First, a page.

It is no secret how much I adore Dean Koontz. My love affair with his books started when I was in college and since I am your typical dork, I frequently visited our university library which, fortunately for me, housed Dean Koontz novels. Since I began earning, I started buying my own copies of Dean Koontz’s books, from Booksale, of course, and decided that I should strive to complete my collection. I haven’t accomplished that, though, and for a reason. Quite recently, I have discovered that my taste for the typical Dean Koontz fare – ultimate bad guys chasing after ultimate good guys, lovable dog characters, heart-pounding suspense, intertwined with beautiful prose – has dwindled down.
The disinterest started with The Darkest Evening of the Year (which I did not finish) and since I’ve kept on seeing copies of Koontz novels scattered in Booksale, I was in no hurry to buy all of his books at once. Maybe I have reached my saturation level for suspense novels. Maybe I have acquired a familiarity with DKs writing styles. Or maybe I have discovered other authors to love. Whatever the reason, I have decided that I will not struggle to complete my collection of Dean Koontz novels anytime soon. This does not mean, though, that I have fallen out of love with everything that is Koontz. I only feel that I need to take a break from reading suspense novels and try to up my ante by reading other books of other authors. If I feel like reading something more comfortable, I know that I can always go back to Dean Koontz.
The feeling that I can always go back to Koontz whenever I want a comfort read was the feeling I had when I started reading The Good Guy. I kind of missed Dean Koontz after reading a lot of non-Koontz novels and I haven’t forgiven myself for not finishing The Darkest Evening of the Year. With The Good Guy, the premise is typical Koontz and a few pages since I started I thought, Yes, this is the Dean Koontz I’ve been looking for! This is a story of a mistaken identity where the good guy, Tim Carrier, who is exactly your idea of who a good guy is (non-philandering, single, honest worker), was approached by a stranger in a bar and thought him to be the killer he hired. Tim was given ten thousand bucks and the photograph of the woman he has to kill. Before Tim can even figure out what to do, and after the stranger left, another stranger approached him and thought Tim was the man who hired him to kill the woman on the photograph. Who is this woman? Why does she have to be killed? What will Tim, the good guy, do? What follows is a race against time as the real killer pursues the real target, with the good guy, Tim, on the side.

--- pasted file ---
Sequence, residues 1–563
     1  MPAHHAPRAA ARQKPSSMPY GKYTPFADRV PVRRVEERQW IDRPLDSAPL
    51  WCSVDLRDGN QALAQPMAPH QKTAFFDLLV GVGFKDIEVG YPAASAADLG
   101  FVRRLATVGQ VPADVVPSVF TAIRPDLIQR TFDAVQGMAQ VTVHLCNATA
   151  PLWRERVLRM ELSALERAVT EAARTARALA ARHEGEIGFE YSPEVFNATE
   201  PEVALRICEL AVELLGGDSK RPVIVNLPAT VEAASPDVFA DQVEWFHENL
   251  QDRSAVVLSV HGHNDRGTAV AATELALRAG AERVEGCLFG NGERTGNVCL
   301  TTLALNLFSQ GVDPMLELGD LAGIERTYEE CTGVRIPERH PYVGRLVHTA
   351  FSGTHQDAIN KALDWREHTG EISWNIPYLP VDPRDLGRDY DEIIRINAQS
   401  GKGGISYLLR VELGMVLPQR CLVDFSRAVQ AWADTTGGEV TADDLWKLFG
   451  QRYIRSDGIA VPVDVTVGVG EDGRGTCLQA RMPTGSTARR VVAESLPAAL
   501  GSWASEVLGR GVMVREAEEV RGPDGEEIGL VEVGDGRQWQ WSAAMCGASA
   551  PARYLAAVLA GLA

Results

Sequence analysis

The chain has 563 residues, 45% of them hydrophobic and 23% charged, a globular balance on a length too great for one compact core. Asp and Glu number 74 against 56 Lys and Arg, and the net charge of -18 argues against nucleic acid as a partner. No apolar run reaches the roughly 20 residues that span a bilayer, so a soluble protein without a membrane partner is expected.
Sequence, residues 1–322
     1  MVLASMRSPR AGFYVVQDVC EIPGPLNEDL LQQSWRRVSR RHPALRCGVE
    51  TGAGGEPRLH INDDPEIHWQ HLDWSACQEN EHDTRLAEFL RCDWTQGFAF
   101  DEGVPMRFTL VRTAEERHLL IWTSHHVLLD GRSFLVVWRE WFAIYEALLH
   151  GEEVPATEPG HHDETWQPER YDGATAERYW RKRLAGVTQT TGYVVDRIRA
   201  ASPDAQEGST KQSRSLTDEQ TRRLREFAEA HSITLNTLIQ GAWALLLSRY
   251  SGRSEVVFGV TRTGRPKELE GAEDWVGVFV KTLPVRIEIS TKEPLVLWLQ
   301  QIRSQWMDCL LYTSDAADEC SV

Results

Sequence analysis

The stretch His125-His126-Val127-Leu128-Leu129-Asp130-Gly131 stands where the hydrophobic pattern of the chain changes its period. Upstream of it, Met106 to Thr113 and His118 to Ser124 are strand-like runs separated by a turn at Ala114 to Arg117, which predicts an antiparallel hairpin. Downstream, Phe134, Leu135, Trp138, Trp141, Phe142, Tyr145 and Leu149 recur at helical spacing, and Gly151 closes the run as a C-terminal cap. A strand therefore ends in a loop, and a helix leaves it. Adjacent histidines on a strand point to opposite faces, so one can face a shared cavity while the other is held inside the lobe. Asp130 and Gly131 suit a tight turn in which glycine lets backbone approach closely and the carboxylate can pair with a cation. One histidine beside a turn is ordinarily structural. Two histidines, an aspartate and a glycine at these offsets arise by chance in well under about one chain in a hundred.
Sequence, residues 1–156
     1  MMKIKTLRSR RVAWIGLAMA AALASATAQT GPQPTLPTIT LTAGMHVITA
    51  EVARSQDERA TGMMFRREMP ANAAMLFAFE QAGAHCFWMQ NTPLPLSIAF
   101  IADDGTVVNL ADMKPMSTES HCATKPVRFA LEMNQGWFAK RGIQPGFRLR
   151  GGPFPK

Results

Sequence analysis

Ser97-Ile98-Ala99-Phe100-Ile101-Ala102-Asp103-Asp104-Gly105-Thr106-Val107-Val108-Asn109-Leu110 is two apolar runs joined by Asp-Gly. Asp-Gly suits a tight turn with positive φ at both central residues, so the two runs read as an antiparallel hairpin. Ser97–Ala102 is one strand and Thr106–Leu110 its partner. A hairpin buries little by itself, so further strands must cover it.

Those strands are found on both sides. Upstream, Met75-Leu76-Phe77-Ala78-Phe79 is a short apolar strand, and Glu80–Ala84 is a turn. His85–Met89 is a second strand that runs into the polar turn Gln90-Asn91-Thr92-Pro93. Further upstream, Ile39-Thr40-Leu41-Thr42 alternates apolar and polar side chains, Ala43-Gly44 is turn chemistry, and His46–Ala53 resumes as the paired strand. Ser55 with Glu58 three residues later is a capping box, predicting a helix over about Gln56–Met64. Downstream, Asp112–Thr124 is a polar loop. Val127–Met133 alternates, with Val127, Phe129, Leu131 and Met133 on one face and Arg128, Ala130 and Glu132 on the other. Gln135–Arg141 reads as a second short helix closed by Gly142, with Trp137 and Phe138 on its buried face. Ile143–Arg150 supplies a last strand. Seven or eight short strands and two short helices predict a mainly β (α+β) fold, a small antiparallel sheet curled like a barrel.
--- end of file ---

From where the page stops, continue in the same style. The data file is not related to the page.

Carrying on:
The suspense? The book is full of it, very typical of Dean Koontz. The characters? Again, typical Koontz – the bad guy ABSOLUTELY evil and the good guy ABSOLUTELY good. The prose? So very Koontz – metaphorical, vivid, fluid. But what troubles me is the hurried conclusion. Very lousy ending. I feel that I have been forced to run a marathon and when I reach the finish line, I find out that the medal is already given to somebody else. Maybe this is what happens when one has already written so many suspense stories. There is nothing more left to tell and what turns out is a rehash of all the other stories you have previously told.
Still, I am willing to overlook these shortcomings. I am faithful to my first love like that, and in this case, since Dean Koontz is my first author love, nothing will ever shake off my admiration for the man. Even if I listen to the same kind of stories over and over again.
19/50 2012 Goodreads Reading Goal.